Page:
3. Chen XG, Geng AL, Yan R, Gould WD, Ng YL, Liang DT (2004) Isolation and characterization of sulphur-oxidizing Thiomonas sp. and its potential application in biological deodorization. Lett Appl Microbiol 39:495–503. doi: 10.1111/j.1472-765X.2004.01615.x CrossRefPubMedGoogle Scholar
  4. Chen LX, Huang LN, Mendez-Garcia C, Kuang JL, Hua ZS, Liu J, Shu WS (2016) Microbial communities, processes and functions in acid mine drainage ecosystems. Curr Opin Biotechnol 38:150–158. doi: 10.1016/j.copbio.2016.01.013 CrossRefPubMedGoogle Scholar
  5. Chung J, Amin K, Kim S, Yoon S, Kwon K, Bae W (2014) Autotrophic denitrification of nitrate and nitrite using thiosulfate as an electron donor. Water Res 58:169–178. doi: 10.1016/j.watres.2014.03.071 CrossRefPubMedGoogle Scholar
  6. Conley DJ et al (2011) Hypoxia is increasing in the coastal zone of the Baltic Sea. Environ Sci Technol 45:6777–6783. doi: 10.1021/es201212r CrossRefPubMedPubMedCentralGoogle Scholar
  7. Di Capua F, Papirio S, Lens PNL, Esposito G (2015) Chemolithotrophic denitrification in biofilm reactors Chem Eng J 280:643–657. doi: 10.1016/j.cej.2015.05.131 Google Scholar
  8. Dopson M, Johnson DB (2012) Biodiversity, metabolism and applications of acidophilic sulfur-metabolizing microorganisms. Environ Microbiol 14:2620–2631. doi: 10.1111/j.1462-2920.2012.02749.x CrossRefPubMedGoogle Scholar
  9. Dopson M, Lindström EB (1999) Potential role of Thiobacillus caldus in arsenopyrite bioleaching. Appl Environ Microbiol 65:36–40PubMedPubMedCentralGoogle Scholar
  10. Dopson M, Lindström EB (2004) Analysis of community composition during moderately thermophilic bioleaching of pyrite, arsenical pyrite, and chalcopyrite. Microb Ecol 48:19–28CrossRefPubMedGoogle Scholar
  11. Edgar RC (2013) UPARSE: highly accurate OTU sequences from microbial amplicon reads. Nat Methods 10:996–998. doi: 10.1038/nmeth.2604 CrossRefPubMedGoogle Scholar
  12. Grosse AC, Dicinoski GW, Shaw MJ, Haddad PR (2003) Leaching and recovery of gold using ammoniacal thiosulfate leach liquors (a review). Hydrometallurgy 69:1–21CrossRefGoogle Scholar
  13. Hanahan D (1983) Studies on transformation of Escherichia coli with plasmids. J Mol Biol 166:557–580CrossRefPubMedGoogle Scholar
  14. Herlemann DP, Labrenz M, Jurgens K, Bertilsson S, Waniek JJ, Andersson AF (2011) Transitions in bacterial communities along the 2000 km salinity gradient of the Baltic Sea. ISME J 5:1571–1579. doi: 10.1038/ismej.2011.41 CrossRefPubMedPubMedCentralGoogle Scholar
  15. Hoor AT-T (1975) A new type of thiosulphate oxidizing, nitrate reducing microorganism: Thiomicrospira denitrificans sp. nov Netherlands. J Sea Res 9:344–350. doi: 10.1016/0077-7579(75)90008-3 CrossRefGoogle Scholar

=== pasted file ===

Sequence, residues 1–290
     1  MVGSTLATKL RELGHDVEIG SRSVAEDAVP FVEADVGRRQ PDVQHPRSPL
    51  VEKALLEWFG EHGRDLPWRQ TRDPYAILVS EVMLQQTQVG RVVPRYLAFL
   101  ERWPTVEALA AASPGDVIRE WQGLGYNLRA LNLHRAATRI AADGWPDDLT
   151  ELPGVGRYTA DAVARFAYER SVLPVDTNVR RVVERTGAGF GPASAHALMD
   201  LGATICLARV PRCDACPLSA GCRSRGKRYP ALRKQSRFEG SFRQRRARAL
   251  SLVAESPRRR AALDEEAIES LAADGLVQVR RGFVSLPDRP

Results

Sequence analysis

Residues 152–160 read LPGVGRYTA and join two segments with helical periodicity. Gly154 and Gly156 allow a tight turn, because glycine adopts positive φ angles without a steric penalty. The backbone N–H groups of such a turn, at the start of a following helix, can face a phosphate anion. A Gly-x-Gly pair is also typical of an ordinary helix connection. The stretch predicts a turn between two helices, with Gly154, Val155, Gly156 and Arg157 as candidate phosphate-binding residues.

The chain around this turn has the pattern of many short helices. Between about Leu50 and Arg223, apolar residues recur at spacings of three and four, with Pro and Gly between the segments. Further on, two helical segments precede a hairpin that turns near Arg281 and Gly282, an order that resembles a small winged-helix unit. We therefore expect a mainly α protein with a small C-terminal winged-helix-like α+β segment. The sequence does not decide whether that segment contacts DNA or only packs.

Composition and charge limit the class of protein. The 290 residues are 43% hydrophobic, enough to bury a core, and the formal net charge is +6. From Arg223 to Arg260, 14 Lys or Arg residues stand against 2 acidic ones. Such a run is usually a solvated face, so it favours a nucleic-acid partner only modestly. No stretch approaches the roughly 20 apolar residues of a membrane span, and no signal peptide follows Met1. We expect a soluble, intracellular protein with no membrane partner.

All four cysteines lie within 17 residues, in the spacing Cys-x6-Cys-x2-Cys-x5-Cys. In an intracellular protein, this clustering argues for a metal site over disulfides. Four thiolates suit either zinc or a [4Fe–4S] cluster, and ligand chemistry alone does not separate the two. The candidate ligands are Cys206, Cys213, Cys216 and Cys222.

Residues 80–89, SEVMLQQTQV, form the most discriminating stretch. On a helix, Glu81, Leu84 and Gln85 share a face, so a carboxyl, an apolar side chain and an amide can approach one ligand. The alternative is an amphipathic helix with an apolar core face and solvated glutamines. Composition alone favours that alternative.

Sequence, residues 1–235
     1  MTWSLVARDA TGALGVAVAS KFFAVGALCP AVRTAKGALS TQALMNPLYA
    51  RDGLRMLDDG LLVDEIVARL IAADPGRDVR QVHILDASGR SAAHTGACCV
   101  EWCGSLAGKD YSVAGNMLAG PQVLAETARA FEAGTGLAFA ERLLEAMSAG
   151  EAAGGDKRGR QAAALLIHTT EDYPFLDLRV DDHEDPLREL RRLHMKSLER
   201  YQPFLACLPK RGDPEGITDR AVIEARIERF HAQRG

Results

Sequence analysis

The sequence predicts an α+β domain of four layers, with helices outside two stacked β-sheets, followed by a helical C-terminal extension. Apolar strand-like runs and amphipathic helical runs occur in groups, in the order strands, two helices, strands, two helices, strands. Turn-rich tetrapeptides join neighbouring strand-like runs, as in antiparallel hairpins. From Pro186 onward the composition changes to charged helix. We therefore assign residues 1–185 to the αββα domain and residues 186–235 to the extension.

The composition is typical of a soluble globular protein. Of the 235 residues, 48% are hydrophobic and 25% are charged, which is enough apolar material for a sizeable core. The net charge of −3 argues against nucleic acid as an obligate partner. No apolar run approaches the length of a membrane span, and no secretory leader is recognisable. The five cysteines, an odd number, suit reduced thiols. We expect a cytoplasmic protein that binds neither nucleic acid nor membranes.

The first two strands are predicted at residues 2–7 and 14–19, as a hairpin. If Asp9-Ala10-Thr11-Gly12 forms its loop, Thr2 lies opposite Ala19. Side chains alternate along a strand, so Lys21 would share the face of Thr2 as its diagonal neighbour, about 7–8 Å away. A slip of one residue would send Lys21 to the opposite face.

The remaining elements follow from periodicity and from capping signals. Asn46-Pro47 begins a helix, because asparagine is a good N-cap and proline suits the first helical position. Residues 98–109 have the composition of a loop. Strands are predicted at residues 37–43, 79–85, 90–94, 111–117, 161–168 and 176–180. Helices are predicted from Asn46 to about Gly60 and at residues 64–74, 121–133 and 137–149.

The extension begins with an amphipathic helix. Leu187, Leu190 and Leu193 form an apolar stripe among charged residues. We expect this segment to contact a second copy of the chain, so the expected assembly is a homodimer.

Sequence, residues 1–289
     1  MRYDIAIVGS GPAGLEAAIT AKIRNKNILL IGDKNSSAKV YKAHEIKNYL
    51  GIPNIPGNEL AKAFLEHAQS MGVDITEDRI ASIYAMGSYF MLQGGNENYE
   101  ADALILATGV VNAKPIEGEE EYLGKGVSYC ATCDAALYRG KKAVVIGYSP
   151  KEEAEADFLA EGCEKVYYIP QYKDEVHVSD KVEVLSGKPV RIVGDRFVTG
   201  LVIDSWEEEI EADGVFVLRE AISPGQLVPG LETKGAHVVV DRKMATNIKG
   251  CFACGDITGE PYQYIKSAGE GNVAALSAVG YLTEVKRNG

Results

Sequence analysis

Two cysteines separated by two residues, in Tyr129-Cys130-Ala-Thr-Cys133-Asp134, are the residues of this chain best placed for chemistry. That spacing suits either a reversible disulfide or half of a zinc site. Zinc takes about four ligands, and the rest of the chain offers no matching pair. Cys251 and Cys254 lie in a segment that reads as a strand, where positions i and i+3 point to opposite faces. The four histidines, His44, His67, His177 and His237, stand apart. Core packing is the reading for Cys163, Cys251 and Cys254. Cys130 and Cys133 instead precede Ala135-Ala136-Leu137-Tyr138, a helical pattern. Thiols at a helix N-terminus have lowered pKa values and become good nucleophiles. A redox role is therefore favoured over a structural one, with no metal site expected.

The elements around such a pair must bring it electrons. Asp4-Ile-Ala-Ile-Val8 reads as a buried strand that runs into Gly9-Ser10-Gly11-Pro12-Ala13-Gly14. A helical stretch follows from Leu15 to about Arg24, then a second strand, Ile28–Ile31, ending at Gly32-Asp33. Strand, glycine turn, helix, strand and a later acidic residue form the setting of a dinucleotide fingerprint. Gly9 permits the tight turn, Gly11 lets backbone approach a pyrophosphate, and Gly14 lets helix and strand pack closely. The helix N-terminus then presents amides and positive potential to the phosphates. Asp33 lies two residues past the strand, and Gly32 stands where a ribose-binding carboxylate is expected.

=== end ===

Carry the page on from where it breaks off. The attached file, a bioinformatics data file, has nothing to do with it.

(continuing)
16. Horn MA, Ihssen J, Matthies C, Schramm A, Acker G, Drake HL (2005) Dechloromonas denitrificans sp. nov., Flavobacterium denitrificans sp. nov., Paenibacillus anaericanus sp. nov. and Paenibacillus terrae strain MH72, N2O-producing bacteria isolated from the gut of the earthworm Aporrectodea caliginosa. Int J Syst Evol Microbiol 55:1255–1265. doi: 10.1099/ijs.0.63484-0 CrossRefPubMedGoogle Scholar
  17. Hugerth LW et al (2014) DegePrime, a program for degenerate primer design for broad-taxonomic-range PCR in microbial ecology studies. Appl Environ Microbiol 80:5116–5123. doi: 10.1128/aem.01403-14 CrossRefPubMedPubMedCentralGoogle Scholar
  18. Jermakka J, Wendling L, Sohlberg E, Heinonen H, Vikman M (2015) Potential technologies for the removal and recovery of nitrogen compounds from mine and quarry waters in subarctic conditions. Crit Rev Environ Sci Technol 45:703–748CrossRefGoogle Scholar
  19. Justin P, Kelly DP (1978a) Growth kinetics of Thiobacillus denitrificans in anaerobic and aerobic chemostat culture. Microbiology 107:123–130. doi: 10.1099/00221287-107-1-123 Google Scholar
  20. Justin P, Kelly DP (1978b) Metabolic changes in Thiobacillus denitrificans accompanying the transition from aerobic to anaerobic growth in continuous chemostat culture. Microbiology 107:131–137. doi: 10.1099/00221287-107-1-131 Google Scholar
  21. Kang H, Kim H, Joung Y, Jang TY, Joh K (2015) Ferruginibacter paludis sp. nov., isolated from wetland freshwater, and emended descriptions of Ferruginibacter lapsinanis and Ferruginibacter alkalilentus. Int J Syst Evol Microbiol 65:2635–2639. doi: 10.1099/ijs.0.000311 CrossRefPubMedGoogle Scholar
  22. Kantor RS, van Zyl AW, van Hille RP, Thomas BC, Harrison STL, Banfield JF (2015) Bioreactor microbial ecosystems for thiocyanate and cyanide degradation unravelled with genome-resolved metagenomics. Environ Microbiol 17:4929–4941. doi: 10.1111/1462-2920.12936 CrossRefPubMedGoogle Scholar
  23. Kelly DP, Chambers LA, Trudinger PA (1969) Cyanolysis and spectrophotometric estimation of trithionate in mixture with thiosulfate and tetrathionate. Anal Chem 41:898–901CrossRefGoogle Scholar